Barragan’s Mexican Restaurant phased out trans fats a year ago after hearing concerns from their customers, owner Rose Barragan said.
“People want to eat healthy, so we eliminated them from our menu for health reasons,” Barragan said.
Trans fats are typically found in vegetable shortenings, cookies, crackers, or foods cooked with partially hydrogenated oils, according to a U.S. Food and Drug Administration report.
Scientific evidence shows that consumption of trans fats can raise cholesterol levels that increase the chance of coronary heart disease, according to the report.
“Obesity rates have been rising steadily in the western world and one of the culprits has been identified as trans fats,” said Dr. Philippe J. Quilici, medical director of bariatrics and minimally invasive surgery at Providence Saint Joseph Medical Center. “If you study obesity over the past 50 years and look at the introduction of trans fats in the American diet, there is a significant parallel to the rapid increase of obesity.”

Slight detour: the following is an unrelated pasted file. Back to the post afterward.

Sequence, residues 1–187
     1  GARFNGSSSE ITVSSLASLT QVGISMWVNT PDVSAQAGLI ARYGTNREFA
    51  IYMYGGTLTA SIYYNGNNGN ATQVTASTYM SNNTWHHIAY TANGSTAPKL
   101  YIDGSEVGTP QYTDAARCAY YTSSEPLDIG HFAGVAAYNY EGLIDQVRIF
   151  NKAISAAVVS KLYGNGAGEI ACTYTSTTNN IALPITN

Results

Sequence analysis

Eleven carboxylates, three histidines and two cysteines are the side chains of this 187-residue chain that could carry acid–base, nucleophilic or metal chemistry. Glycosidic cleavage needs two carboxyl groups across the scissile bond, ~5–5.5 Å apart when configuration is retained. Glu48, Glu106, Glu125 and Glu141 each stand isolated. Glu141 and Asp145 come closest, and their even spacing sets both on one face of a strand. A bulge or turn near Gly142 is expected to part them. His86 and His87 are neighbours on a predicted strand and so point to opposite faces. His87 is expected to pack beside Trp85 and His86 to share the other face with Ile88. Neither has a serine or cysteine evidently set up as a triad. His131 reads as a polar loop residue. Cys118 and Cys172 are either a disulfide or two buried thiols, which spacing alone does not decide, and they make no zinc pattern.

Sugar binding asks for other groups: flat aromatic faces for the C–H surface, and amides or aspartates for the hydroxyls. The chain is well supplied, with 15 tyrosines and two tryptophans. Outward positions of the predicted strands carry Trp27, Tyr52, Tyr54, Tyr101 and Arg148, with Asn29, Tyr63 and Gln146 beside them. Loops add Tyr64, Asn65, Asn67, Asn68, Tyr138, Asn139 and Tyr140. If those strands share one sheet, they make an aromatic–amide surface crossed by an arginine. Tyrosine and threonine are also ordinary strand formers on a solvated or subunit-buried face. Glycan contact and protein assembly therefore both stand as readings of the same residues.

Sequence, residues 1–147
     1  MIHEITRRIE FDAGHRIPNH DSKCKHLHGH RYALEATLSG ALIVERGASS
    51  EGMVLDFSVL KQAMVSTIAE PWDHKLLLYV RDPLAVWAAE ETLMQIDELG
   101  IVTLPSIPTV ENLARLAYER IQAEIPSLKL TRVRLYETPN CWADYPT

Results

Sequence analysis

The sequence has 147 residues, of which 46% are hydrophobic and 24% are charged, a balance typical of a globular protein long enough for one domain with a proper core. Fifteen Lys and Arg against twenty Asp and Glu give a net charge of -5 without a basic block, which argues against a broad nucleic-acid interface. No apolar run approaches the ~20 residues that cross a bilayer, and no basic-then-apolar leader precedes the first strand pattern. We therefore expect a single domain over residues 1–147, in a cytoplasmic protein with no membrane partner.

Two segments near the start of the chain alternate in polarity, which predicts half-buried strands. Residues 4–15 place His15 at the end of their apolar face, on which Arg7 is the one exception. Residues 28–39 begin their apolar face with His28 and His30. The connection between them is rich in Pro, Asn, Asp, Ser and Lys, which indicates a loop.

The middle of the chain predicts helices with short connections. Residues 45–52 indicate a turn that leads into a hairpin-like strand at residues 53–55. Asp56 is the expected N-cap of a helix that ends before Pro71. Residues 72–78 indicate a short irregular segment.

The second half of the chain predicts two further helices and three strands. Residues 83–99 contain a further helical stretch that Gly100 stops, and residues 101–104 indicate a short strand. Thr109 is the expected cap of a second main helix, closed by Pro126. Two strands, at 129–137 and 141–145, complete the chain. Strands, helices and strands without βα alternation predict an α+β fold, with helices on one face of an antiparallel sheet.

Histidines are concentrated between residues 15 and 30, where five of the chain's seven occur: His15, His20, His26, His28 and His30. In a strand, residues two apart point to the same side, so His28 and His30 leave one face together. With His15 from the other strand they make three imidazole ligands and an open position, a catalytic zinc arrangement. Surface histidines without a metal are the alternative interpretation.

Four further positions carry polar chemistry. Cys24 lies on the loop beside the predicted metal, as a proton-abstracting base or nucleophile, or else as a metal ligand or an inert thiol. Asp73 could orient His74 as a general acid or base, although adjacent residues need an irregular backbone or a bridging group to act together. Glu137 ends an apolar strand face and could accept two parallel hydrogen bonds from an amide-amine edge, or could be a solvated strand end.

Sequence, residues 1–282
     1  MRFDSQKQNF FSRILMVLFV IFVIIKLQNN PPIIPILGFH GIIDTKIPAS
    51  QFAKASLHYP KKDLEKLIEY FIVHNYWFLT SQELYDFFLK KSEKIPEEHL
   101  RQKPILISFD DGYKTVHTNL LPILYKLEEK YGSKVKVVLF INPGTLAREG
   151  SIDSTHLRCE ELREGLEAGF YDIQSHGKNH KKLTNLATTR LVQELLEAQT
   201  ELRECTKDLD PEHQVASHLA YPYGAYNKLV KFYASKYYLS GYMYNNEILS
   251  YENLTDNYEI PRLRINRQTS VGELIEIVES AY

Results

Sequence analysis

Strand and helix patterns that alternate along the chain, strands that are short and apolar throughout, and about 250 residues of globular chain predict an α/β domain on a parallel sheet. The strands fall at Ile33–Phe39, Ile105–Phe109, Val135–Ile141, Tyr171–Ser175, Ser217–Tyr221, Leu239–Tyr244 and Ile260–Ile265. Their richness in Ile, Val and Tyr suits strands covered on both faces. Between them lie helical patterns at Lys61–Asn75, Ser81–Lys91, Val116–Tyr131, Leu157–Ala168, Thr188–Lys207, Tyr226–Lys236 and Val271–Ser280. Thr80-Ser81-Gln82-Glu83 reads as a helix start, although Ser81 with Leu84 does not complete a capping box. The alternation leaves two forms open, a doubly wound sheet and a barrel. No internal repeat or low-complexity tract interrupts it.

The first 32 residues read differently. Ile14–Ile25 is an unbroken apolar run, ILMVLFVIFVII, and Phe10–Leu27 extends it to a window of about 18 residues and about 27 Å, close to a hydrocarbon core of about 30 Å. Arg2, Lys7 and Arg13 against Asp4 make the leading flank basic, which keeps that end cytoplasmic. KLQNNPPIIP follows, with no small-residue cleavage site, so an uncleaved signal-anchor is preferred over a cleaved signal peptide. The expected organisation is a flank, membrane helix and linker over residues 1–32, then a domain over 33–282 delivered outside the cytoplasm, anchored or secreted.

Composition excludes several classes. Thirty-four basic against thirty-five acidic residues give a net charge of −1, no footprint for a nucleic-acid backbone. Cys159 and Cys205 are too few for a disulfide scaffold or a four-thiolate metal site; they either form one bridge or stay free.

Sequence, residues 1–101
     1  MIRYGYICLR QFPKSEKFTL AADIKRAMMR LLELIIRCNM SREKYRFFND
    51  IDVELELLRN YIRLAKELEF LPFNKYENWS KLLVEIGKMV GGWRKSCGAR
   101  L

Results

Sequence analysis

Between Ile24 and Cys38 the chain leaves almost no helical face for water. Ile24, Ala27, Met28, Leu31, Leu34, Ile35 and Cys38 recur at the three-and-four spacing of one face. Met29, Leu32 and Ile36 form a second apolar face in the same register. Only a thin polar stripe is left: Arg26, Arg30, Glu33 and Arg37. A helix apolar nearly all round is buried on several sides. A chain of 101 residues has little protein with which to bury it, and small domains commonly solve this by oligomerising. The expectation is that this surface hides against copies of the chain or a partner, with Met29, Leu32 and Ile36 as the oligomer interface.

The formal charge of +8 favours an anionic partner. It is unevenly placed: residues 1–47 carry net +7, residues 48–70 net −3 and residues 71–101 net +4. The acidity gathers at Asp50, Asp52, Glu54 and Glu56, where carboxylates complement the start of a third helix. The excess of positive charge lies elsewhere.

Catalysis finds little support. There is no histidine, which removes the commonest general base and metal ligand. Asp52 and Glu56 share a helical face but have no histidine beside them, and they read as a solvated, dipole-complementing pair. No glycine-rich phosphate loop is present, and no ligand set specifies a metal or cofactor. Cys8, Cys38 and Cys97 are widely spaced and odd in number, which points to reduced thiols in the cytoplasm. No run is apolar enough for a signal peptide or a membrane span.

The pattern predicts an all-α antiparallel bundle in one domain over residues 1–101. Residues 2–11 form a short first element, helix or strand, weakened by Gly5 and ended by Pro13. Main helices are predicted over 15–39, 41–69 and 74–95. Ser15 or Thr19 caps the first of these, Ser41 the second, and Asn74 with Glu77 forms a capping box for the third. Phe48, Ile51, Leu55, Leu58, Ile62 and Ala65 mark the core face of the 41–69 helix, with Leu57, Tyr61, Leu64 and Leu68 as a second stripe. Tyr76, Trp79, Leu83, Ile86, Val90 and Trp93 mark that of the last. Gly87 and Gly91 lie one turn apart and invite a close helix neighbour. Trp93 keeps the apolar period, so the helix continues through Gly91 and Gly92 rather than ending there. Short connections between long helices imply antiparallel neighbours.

Despite the potential health benefits of the new law, some local restaurant owners are concerned about its overall effects on the food service industry.
“This could potentially hurt a lot of businesses, especially if you get your food from a distributor which makes your food taste good and they happen to have trans fats,” said Gene LoGuercio, owner of Chili John’s. “If the taste changes, that business could lose its customers.”
Although the California Restaurant Association was opposed to the bill, staff is confident that restaurants will be able to meet the mandate, said Daniel Conway, spokesman for the association.
“We feel philosophically that this is something that should be done state by state, but instead, be implemented by federal authorities such as the FDA,” he said. “There are a lot of other substances besides trans fats that are not banned and that are linked to heart problems.”